• It has been the subject of studies looking at the benefit on the immune system, including possible support of the immune system during radiation and chemotherapy.
  • Used in combination with licorice (Glycyrrhiza glabra), shatavari (Asparagus racemosus), safed musli (Chlorophytum borivillanum), and sesame seeds (Sesamum indicum), ashwagandha has been shown to support healthy cholesterol levels and antioxidant properties.
  • It has been studied for its stress-relieving effects, demonstrating its ability to help support individuals in times of stress and anxiousness.
  • A study using male participants has shown ashwagandha's ability to improve energy, strength, and vitality.
  • Ashwagandha has been shown to support muscle mass, strength, and recovery.
  • Additional studies on ashwagandha can be reviewed on PubMed.


Ashwagandha plants

Ashwagandha Uses

Ashwagandha is incredibly versatile—it can be taken as a powder, a tablet, or a liquid extract, with or without food, and at any time of the day, even right before bed. And while ashwagandha is a powerful herbal ally in its own right, you may wonder, "Can ashwagandha be taken with other herbs?" 

The answer is absolutely! Ashwagandha pairs very well other herbs and is included in many of our herbal formulas. As an added benefit, ashwagandha root actually tastes good, and there are many delicious ashwagandha recipes, making it easy to incorporate this herb.

Take our free Ayurvedic Profile™ quiz to see if ashwagandha is one of the herbs recommended for you.

When incorporating this herb into your routine, you'll probably be wondering, "What is the recommended dose for ashwagandha, and for how long should I take it? 

Our general recommended serving is 1/4–1/2 teaspoon of the powder, or 1–2 tablets, once or twice daily. As for how long it should be taken, that can depend on a few different factors, such as your constitution and state of balance, as well as your intention with the herb.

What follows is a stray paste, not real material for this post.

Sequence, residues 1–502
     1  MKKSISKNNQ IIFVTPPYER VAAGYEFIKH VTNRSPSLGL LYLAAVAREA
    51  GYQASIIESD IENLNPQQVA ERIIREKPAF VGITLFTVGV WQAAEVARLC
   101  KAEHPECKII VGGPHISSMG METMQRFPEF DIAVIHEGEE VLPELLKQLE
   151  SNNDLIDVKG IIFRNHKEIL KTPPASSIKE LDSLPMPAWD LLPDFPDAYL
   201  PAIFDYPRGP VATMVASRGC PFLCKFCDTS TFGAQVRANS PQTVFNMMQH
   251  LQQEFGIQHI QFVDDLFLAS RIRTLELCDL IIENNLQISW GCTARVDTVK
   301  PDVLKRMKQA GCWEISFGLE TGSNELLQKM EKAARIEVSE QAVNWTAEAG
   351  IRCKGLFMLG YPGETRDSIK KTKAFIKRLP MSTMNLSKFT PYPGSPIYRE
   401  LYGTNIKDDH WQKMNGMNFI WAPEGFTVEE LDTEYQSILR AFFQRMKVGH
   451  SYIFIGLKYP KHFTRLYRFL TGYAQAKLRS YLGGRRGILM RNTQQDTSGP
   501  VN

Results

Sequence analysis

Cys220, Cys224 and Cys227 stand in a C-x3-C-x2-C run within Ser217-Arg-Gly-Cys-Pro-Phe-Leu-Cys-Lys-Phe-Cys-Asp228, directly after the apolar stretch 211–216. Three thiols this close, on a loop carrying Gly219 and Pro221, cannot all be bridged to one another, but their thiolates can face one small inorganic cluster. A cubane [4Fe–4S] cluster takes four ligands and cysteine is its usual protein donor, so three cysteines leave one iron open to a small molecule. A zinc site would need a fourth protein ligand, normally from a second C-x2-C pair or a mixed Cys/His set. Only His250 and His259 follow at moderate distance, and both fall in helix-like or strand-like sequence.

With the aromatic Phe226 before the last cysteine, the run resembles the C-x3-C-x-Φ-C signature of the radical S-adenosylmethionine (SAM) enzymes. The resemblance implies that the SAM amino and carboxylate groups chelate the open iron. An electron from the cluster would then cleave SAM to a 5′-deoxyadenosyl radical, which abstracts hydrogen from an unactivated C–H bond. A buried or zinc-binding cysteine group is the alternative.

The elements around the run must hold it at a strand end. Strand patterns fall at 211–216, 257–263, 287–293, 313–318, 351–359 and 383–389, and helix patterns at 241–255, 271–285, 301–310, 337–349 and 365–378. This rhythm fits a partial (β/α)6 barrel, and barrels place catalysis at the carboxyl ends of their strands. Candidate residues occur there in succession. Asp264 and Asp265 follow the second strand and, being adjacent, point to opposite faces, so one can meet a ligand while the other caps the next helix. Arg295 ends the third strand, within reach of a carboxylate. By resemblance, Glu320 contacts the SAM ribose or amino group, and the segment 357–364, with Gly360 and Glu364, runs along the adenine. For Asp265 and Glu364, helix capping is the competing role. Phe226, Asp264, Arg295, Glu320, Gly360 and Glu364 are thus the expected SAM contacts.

For some, it can take 3–6 weeks for the body to acclimate fully to a new herb or formula. You may decide to slowly stop using a formula once it's reached its desired effect, or continue taking it as a daily supplement. For many people, ashwagandha can be taken long-term, for months or years. Working with a practitioner is always the best way to determine the correct dose and period of use for you.

Traditionally used as a powder, ashwagandha can be mixed with water or warm milk and honey. Taken before bed, this mixture calms vata and fosters healthy sleep patterns, supports the reproductive system, and bolsters strength. 

Ashwagandha is traditionally taken with ghee and honey (equal parts), which act as anupans (a medium for carrying herbs deeper into the tissues) for overall nourishment and rejuvenation.

While combining equal measurements such as 1/2 a teaspoon each is fine, be sure you are not putting in equal weights of honey and ghee (such as 1 gram each) as this is considered toxic. 

Taking ashwagandha with raw sugar adds a cooling effect and can even be substituted for the honey, particularly in the summer months. It can also be used with ghee and sugar as a supplement to support the female reproductive system and joints.

The Ayurveda's Carrier Substances guide is a great resource for determining which anupan is most appropriate to use.


Ashwagandha Tea Recipe
  • 1/2 teaspoon ashwagandha powder
  • 1 cup hot water
  • 1 teaspoon honey
Directions: Combine hot water with Ashwagandha powder and mix well. Add honey to taste. Sip and enjoy!


Ashwagandha Tonic Recipe
  • 1–2 teaspoons ashwagandha powder
  • 2 cups milk
  • 1 tablespoon raw sugar
  • 1/8 teaspoon cardamom
Directions: Simmer 1 to 2 teaspoons powdered ashwagandha in 2 cups milk over low heat for 15 minutes. Add 1 tablespoon raw sugar and 1/8 teaspoon cardamom and stir until well mixed. Turn off heat. Drink a cup once or twice a day for a pick-me-up.


Additional Ashwagandha Recipes

If you prefer a more convenient way of taking your supplements, ashwagandha is also available in tablet form. This can be an easier method, especially for those that travel a lot, have a shortage of time, or do not like the taste of ashwagandha tea.

Banyan Botanicals prefers tablets over capsules as it is still possible to taste the herb. Taste starts the digestive process and sends signals to the body as to what to expect, initiating the body's own inner pharmacy. Take 1–2 tablets once or twice daily, in the morning, at night, or whenever is most convenient for you. They do not need to be taken with food.

Ashwagandha liquid extract is also available and provides an alternative method of taking this herb. It's convenient, easy to assimilate, and has a long shelf life. Add 30 ml (approximately one dropperful) to water or juice 1–3 times daily.